Track and field: Arkansas sanctions upheld; titles in doubt
FAYETTEVILLE, Ark. — The NCAA upheld sanctions against Arkansas' track and field program, although the school still hopes to keep two national titles in question.
Arkansas said today it will ask an NCAA committee handling track and field scoring to clarify how many points the Razorbacks must vacate from the 2004 and 2005 men's outdoor national championships. The Razorbacks won the title both years.
Arkansas was penalized for violations involving sprint star Tyson Gay and a former assistant coach. The NCAA handed down its decision last October, taking away the two national titles and giving the school three years' probation.
The school appealed, calling the penalties excessive. On Tuesday, the NCAA said it had denied Arkansas' attempt to change the start date of its probationary period — and that meet results from when Gay competed should still be vacated.
"Although we differ in our view in the appropriateness of the penalties and the application of the probation period, we respect the appeals process," Arkansas athletic director Jeff Long said.
At least one matter is unresolved.
In its appeal, the school argued that deducting Gay's individual points might not necessarily cost Arkansas its championships from 2004 and 2005. The Razorbacks won the outdoor title by 16.5 points in 2004 and 11 points in 2005. The school contended that Gay's individual point totals for the meets could be as low as 16 points for '04 and 8.5 for '05, depending on how individual points are awarded among athletes on a relay team.
For example, Gay was on a four-man relay team in 2005 that earned Arkansas 10 points. The school questioned whether it should have to subtract 10 points or 2.5 when vacating Gay's contribution.
Arkansas said Tuesday it was told to consult another NCAA committee for clarification on that issue.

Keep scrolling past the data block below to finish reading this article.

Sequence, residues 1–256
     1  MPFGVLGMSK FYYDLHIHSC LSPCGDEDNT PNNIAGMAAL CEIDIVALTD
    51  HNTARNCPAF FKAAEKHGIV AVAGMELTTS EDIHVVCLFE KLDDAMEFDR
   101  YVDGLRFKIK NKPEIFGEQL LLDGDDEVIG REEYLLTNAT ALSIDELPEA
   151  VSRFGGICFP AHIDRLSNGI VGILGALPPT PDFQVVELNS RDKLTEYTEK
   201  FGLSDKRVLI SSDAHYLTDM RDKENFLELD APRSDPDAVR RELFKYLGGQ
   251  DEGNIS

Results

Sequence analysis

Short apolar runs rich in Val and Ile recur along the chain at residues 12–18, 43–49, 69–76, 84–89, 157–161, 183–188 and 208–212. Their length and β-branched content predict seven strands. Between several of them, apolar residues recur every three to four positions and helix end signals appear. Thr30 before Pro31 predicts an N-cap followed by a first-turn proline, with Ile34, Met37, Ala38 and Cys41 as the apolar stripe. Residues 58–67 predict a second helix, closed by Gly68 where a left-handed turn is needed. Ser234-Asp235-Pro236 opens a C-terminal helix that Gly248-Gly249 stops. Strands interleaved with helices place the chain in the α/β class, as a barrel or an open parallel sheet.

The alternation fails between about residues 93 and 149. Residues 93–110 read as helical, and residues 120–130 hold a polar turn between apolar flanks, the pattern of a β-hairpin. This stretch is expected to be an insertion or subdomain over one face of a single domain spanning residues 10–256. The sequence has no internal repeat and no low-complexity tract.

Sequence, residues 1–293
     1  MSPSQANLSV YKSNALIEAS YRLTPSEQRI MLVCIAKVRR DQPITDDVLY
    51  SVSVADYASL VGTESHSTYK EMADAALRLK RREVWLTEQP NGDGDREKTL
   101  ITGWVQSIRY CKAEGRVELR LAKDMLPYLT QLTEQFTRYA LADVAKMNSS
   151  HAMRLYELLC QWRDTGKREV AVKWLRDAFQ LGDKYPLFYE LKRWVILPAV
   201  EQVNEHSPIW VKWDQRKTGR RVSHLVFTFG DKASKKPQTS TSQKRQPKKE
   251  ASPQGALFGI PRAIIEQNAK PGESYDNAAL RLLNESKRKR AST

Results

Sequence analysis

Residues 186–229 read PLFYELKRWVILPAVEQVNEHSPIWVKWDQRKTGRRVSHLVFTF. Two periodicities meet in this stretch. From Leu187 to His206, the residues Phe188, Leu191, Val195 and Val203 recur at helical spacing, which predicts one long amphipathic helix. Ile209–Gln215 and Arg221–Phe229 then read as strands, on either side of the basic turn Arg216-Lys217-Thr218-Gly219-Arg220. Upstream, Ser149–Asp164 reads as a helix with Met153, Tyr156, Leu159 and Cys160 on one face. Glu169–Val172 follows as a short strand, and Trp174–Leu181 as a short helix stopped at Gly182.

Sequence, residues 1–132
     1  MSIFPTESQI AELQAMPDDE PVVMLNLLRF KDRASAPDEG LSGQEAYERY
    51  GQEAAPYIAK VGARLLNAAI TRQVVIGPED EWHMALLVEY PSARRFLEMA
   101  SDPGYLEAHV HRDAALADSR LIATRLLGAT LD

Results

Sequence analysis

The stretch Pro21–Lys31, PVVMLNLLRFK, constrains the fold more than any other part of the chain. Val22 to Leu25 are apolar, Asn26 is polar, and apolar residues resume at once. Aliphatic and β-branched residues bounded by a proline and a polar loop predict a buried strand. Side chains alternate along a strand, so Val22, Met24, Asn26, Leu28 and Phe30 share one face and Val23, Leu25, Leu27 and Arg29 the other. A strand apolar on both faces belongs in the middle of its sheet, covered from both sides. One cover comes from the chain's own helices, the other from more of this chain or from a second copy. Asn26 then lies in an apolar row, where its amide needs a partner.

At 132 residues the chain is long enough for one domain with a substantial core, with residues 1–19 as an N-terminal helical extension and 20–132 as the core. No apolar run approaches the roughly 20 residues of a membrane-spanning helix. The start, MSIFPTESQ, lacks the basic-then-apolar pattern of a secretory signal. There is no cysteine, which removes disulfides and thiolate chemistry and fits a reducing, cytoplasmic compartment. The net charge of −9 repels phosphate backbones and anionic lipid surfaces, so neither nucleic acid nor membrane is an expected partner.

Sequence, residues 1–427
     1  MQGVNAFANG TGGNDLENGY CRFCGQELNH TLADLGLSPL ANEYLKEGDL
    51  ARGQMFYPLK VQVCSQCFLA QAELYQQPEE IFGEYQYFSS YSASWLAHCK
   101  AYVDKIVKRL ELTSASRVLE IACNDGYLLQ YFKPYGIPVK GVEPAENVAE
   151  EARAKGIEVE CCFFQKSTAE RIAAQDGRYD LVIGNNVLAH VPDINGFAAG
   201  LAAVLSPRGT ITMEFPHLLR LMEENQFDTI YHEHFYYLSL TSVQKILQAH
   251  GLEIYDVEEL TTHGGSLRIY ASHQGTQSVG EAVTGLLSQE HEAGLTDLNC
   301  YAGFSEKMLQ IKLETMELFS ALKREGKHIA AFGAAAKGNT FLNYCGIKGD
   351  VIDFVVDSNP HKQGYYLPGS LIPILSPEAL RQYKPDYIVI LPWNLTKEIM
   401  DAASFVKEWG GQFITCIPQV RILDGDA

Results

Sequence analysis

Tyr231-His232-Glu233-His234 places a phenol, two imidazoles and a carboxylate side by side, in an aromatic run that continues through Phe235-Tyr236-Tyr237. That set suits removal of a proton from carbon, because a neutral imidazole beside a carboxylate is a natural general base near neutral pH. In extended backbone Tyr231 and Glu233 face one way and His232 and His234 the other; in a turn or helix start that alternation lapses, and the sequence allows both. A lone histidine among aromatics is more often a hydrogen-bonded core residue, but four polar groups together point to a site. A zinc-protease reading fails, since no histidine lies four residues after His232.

"As noted by the appeals committee, I believe it is important to seek clarification of the proper method for calculating the points that must be vacated," said John McDonnell, the longtime Arkansas coach who recently retired. "This determination will have an important impact on the ultimate outcome of the sanctions imposed against the university."
Arkansas has won 40 national championships in track and field and cross country, not including the two in question.
Arkansas self-reported violations committed by former assistant Lance Brauman, who was convicted in 2006 of embezzlement, theft and mail fraud. The convictions stemmed from his time at Barton County Community College in Kansas. Brauman was coaching Arkansas when he was convicted. He then resigned.
Gay, who won the world championship last year at 100 and 200 meters, transferred from Barton County to Arkansas.
The university has acknowledged that Brauman and his wife provided impermissible transportation for the athlete and helped arrange lodging for him during the summer of 2003, prior to his enrollment at Arkansas. The school also reported Brauman or his wife helped the student enroll in a correspondence course in a way that constituted improper assistance, and that Brauman asked his sister-in-law to tutor the student and helped arrange for two people to serve as proctors for tests in the correspondence course.